Taking advantage of the paralysis of American policy in Syria, Russia’s dramatic escalation of military activity in that country seeks to reorder the strategic landscape of the Middle East.
Few appear to grasp the full scope of what Russia’s president, Vladimir V. Putin, is attempting. This is partly because, in theory, this should be beyond Russia’s capabilities. But Mr. Putin cannily senses an opportunity, at the very least, to restore Russia to the role in the Middle East that it lost in the 1970s.
Russia’s intervention anticipates a resolution of the Syrian conflict through de facto partition. The Reuters news agency reports that, months ago, Iran proposed the joint offensive, now underway, to save the dictatorship of President Bashar al-Assad from imminent collapse. Maj. Gen. Qassem Soleimani, commander of the Islamic Revolutionary Guards Corps’ elite Quds Force, is depicted poring over maps of Syria with Russian officials in the Kremlin.
Russian firepower is aimed at securing the larger, western part of the rump Syrian state that is still controlled by Mr. Assad — in particular the air and naval bases near Latakia and Tartus. And aside from forays into northern trouble spots like Aleppo, Iranian and Hezbollah forces will mostly concentrate on the lower half of this strip, which runs from the Lebanese border through Qalamoun, up to Damascus, and from there to the port cities and coastal heartland of the Alawites, the Syrian Shiite sect loyal to Mr. Assad.
For all of the talk of combating the Islamic State, Russia’s real aim is to push back rebel groups and secure this ministate. Given what Mr. Assad’s allies are willing to do to salvage this “Little Syria” — compared with the limited intervention being considered by Mr. Putin’s international antagonists — this is probably an achievable goal.
Such a partition of Syria would leave other parts of the country in the hands of nationalist and Islamist rebels, a Kurdish area in the north, perhaps some smaller enclaves and, most ominously, the “caliphate” of the Islamic State in the north and east. Despite Kremlin propaganda, the Islamic State is already among the biggest winners from the Russian intervention.
At the end of last week, for example, the group took advantage of Russian airstrikes, some 90 percent of which have reportedly targeted other rebel groups, and captured several villages near Aleppo. The militants also killed some of Iran’s most senior commanders in Syria, including Brig. Gen. Hossein Hamedani. These advances are realizing Mr. Assad’s goal of making the choice for both Syrians and the world at large appear to be between him and the jihadists.
Russia’s unspoken but unmistakable message is that Moscow is trying one— and perhaps the only— way of ending the conflict by means of a Lebanese-style segregation of Syria into zones controlled by rival militias. To Washington’s perennial concern in any Middle Eastern imbroglio, “Tell me how this ends,” Moscow responds: The Syrian conflict will be “resolved” on Russia’s terms, even if Mr. Assad proves dispensable to the Kremlin in the long run.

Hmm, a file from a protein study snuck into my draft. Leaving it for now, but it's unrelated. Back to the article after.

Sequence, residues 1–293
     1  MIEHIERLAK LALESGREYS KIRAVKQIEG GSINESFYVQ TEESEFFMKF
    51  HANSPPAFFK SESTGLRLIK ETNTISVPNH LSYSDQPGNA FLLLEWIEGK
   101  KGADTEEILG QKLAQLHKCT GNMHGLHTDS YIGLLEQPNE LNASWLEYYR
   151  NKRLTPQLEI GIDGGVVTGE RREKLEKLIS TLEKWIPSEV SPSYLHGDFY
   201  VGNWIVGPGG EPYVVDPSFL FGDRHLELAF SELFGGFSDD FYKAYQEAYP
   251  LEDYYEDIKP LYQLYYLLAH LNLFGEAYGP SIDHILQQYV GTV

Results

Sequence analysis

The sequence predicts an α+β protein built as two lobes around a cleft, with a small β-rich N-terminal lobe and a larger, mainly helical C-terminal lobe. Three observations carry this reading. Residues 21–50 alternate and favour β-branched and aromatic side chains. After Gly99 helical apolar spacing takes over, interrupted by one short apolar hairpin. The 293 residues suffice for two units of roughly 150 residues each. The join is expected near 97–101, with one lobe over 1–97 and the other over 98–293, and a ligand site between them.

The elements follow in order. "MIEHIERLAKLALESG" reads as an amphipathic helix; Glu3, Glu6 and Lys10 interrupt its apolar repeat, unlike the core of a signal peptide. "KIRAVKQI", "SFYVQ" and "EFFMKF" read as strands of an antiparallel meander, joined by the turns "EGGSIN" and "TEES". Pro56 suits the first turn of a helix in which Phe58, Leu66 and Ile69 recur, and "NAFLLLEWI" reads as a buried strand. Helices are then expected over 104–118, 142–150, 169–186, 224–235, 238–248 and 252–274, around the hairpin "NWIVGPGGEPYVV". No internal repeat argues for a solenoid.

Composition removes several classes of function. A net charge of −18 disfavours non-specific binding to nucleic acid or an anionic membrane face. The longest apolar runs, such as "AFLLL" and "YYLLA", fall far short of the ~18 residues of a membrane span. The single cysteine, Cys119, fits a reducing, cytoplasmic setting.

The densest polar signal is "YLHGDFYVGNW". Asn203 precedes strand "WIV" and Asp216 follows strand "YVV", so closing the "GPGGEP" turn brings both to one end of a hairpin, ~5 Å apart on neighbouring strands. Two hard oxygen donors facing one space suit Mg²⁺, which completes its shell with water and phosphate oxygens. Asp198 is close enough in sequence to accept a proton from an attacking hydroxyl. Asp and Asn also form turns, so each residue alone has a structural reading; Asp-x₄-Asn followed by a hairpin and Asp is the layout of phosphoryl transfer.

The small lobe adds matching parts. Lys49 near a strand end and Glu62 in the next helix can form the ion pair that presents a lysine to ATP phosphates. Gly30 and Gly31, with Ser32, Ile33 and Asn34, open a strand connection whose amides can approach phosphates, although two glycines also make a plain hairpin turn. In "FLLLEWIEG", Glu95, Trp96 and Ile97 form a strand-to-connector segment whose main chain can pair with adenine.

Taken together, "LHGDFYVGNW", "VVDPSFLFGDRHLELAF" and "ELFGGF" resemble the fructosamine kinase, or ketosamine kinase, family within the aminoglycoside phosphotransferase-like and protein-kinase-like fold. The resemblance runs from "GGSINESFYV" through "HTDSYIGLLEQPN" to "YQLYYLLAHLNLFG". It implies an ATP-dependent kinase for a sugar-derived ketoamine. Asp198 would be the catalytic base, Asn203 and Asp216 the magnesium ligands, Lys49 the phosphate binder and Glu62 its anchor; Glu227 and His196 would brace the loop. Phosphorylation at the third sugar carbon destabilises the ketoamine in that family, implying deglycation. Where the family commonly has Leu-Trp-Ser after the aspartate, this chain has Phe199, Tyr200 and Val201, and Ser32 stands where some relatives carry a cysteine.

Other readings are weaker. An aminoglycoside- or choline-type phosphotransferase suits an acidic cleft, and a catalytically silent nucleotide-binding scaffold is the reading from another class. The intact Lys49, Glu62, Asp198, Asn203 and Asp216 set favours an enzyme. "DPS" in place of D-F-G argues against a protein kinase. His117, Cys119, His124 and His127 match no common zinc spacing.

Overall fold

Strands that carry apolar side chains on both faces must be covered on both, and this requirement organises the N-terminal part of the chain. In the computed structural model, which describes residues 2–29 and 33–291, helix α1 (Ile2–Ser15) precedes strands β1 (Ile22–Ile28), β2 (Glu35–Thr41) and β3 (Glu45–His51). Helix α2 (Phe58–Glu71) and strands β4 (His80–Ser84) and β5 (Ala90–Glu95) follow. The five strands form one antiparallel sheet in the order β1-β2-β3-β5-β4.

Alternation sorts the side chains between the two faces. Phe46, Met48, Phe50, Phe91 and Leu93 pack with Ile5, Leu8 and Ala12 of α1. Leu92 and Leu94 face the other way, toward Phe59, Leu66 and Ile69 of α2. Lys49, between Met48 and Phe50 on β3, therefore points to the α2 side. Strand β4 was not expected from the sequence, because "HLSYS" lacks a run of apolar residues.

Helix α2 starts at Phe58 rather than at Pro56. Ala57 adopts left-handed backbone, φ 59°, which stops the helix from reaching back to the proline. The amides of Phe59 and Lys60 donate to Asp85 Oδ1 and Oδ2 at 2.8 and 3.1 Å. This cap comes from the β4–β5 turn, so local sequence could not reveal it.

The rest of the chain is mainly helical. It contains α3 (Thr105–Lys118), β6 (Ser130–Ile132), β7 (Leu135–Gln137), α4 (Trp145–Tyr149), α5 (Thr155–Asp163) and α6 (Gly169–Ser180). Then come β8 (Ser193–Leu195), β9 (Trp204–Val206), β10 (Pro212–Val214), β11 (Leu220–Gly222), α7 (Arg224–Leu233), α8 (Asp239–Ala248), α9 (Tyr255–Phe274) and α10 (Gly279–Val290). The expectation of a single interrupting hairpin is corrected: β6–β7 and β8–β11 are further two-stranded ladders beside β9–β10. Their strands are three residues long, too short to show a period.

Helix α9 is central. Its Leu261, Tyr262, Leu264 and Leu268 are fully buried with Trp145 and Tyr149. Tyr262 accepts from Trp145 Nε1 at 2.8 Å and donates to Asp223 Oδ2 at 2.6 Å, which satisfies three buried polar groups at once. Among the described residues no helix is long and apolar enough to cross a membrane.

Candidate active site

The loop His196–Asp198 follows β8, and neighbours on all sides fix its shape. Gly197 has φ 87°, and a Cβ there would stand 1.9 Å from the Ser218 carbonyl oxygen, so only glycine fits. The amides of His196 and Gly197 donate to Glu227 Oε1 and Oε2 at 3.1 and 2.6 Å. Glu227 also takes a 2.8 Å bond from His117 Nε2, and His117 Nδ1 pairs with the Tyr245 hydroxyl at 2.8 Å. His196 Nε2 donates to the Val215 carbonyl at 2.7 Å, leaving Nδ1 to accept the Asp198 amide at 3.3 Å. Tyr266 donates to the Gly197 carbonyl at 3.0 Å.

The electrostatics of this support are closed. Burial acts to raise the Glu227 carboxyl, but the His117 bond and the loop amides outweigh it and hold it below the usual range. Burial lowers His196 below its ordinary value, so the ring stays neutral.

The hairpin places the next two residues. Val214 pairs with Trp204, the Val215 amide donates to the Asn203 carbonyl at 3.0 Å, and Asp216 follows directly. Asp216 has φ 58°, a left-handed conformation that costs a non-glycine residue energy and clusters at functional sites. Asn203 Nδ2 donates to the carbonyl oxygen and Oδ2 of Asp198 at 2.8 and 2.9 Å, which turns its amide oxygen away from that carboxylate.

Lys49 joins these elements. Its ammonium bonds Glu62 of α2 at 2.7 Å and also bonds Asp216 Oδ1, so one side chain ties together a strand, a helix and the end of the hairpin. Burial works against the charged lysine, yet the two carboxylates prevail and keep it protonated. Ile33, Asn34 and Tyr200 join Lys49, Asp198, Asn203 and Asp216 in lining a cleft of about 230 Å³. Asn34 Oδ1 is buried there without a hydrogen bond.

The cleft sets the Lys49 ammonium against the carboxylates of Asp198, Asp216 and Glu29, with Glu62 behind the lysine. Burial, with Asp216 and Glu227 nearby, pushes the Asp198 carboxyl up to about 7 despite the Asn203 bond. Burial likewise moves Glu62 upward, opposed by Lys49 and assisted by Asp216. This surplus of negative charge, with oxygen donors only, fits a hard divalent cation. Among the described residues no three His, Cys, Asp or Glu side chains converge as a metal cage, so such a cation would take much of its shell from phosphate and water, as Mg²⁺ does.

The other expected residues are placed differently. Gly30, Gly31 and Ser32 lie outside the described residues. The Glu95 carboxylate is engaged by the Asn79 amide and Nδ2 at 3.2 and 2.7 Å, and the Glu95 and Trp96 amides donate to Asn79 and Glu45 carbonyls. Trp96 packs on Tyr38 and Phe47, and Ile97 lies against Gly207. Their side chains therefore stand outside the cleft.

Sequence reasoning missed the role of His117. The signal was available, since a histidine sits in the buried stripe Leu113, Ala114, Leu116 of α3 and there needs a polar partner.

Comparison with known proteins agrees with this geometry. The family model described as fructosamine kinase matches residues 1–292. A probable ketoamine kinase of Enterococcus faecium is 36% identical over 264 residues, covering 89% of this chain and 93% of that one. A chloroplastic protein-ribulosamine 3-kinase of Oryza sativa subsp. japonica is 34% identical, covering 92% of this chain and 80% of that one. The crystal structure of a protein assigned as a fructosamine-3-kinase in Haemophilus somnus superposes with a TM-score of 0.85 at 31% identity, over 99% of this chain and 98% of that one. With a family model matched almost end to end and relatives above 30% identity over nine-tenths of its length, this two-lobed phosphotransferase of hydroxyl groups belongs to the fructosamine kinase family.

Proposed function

Meanwhile, the Obama administration’s desire to see the conflict end without actually doing anything itself means that, as Bloomberg View suggested recently, there is a group of senior American officials prepared to go along with the Russian plan. After all, America’s own policy in Syria has rapidly moved from tragedy to farce. The latest fiasco was the cancellation of the $500 million military training program for anti-Islamic State rebels that produced barely a handful of fighters on the ground.
So if Moscow has a policy, and Washington doesn’t, why not just support that?
Beyond the fact that it’s absurd to hope that Mr. Putin’s approach is likely to benefit American interests, giving way to Russia’s policy would, in effect, entail abandoning the fight against the Islamic State in Syria. And the militants cannot be effectively countered in Iraq alone. So what this final, ignominious capitulation would really mean is that not only would Mr. Assad (or some Russian-appointed successor) menace Syrians for the foreseeable future, but so too would the Islamic State.
No wonder Gen. John R. Allen, America’s envoy to the international coalition against the Islamic State, recently announced his resignation. Being in charge of a farce is bad enough; no one can accept being the front for a fraud.
Even worse, viewed through a broader regional framework, American acquiescence to this Russian initiative would ultimately mean an accommodation with a major reshaping of the strategic order in the Middle East. Moscow is clearly trying to accomplish the creation of a powerful alliance with Iran, Iraq, Hezbollah, “Little Syria” and others. To secure this new compact, Russia is willing to risk not only confrontation with the West, but also its recently improved relations with other regional powers like Turkey and Saudi Arabia.
There’s no good reason Washington should go along with any of this. Russia is manifestly less powerful militarily, economically and diplomatically than the United States. But it’s no longer a matter of capabilities; it’s become a matter of will. On paper, Russia is in no position to barge into the Middle East and throw its weight around. But after the interference in Ukraine, the annexation of Crimea and the Syrian chemical weapons debacle, Mr. Putin correctly judged that nobody would stop him.
Mr. Putin is canny enough to know that he is already overstretched, faces potential quagmires and has core differences with putative allies like Iran. So, at any given moment, he’ll be ready to pocket his gains and do a deal with the Americans — from an already advantageous position.
The remaining question is: How far will he be allowed to go? At the moment, the astonishing answer appears to be: all the way.
Hussein Ibish is a senior resident scholar at the Arab Gulf States Institute in Washington and a contributing opinion writer.